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$\begingroup$

This is not duplicated.

I know how to use the $ sign, but I want to write long equations and words after in the same line and I don't know how.

For example if I write:

$2=1+1=2(0.5+0.5)=\sum_{n=1}^40.5=\sum_{n=1}^21$this is happening

I can't use the $$ because this will split the output to two different lines.

How can I do that?

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  • $\begingroup$ By the way I'm using my smartphone so maybe you can't see the bug... $\endgroup$ – pgp1 Jan 11 at 21:06
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    $\begingroup$ To be honest, I am not sure what you want it to look like. $\endgroup$ – Asaf Karagila Jan 11 at 21:23
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$\begingroup$

Use single dollars and \displaystyle and be sure to place spaces outside the dollars:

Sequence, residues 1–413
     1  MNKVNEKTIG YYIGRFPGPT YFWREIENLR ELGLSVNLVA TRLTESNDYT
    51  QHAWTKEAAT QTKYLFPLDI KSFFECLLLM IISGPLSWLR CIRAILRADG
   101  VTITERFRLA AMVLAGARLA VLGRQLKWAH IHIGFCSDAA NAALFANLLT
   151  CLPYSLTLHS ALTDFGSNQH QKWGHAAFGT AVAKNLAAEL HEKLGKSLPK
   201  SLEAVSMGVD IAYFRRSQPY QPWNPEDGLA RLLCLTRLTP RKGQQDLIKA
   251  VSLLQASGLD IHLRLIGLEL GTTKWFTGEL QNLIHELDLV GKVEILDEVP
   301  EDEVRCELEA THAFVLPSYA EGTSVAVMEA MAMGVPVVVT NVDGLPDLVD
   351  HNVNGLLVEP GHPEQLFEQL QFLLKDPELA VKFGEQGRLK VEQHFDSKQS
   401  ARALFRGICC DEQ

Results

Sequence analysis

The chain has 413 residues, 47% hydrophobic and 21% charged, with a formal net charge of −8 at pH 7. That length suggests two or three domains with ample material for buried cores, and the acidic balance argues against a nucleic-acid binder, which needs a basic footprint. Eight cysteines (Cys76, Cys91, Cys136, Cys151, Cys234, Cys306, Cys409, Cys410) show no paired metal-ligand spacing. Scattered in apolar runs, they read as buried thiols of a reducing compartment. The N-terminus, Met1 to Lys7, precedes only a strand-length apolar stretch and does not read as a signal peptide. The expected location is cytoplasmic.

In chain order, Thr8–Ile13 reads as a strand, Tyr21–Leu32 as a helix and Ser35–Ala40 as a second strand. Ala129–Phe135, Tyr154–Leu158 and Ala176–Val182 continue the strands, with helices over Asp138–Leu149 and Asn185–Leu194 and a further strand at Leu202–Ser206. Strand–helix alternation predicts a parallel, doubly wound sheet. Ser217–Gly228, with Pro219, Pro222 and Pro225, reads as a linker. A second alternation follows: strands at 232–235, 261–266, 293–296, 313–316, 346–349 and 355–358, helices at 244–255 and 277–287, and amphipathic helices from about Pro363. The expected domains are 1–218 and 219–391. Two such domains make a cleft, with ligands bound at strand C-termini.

Text before

If I want to write $\displaystyle 2=1+1=2(0.5+0.5)=\sum_{n=1}^40.5=\sum_{n=1}^21$, this is happening but now it looks fine, at least to me, and the paragraph continues neatly.

Text after

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1
$\begingroup$

That's a feature. The two dollar-sign method is supposed to break the stuff between it onto its own line.

Is this what you're trying to do?

$$2=1+1=2(0.5+0.5)=\sum_{n=1}^40.5=\sum_{n=1}^21\text{this is happening}$$

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  • $\begingroup$ I want the text to look like regular text, but basically yes $\endgroup$ – pgp1 Jan 11 at 21:31

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